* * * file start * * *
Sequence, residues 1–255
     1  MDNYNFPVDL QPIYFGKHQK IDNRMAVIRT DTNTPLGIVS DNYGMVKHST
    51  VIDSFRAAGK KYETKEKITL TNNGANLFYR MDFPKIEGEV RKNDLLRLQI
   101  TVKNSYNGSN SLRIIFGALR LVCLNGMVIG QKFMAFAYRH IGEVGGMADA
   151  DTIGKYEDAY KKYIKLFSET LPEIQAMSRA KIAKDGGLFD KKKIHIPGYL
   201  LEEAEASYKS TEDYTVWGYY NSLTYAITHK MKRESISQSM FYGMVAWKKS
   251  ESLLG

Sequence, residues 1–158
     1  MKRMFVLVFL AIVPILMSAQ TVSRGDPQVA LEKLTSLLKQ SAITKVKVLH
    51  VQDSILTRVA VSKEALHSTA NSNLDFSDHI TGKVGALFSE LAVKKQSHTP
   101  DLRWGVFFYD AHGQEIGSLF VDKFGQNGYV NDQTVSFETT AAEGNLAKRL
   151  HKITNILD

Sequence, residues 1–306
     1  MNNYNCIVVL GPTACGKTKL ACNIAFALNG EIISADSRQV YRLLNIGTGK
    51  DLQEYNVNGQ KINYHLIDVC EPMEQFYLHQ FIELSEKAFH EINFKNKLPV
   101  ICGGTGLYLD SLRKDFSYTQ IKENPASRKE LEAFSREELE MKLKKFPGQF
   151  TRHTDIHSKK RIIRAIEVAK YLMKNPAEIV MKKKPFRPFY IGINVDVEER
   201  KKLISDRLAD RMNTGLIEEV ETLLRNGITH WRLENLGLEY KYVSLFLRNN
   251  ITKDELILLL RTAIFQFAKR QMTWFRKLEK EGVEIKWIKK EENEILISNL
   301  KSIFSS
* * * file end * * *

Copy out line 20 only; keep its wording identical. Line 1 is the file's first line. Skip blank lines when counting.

   301  KSIFSS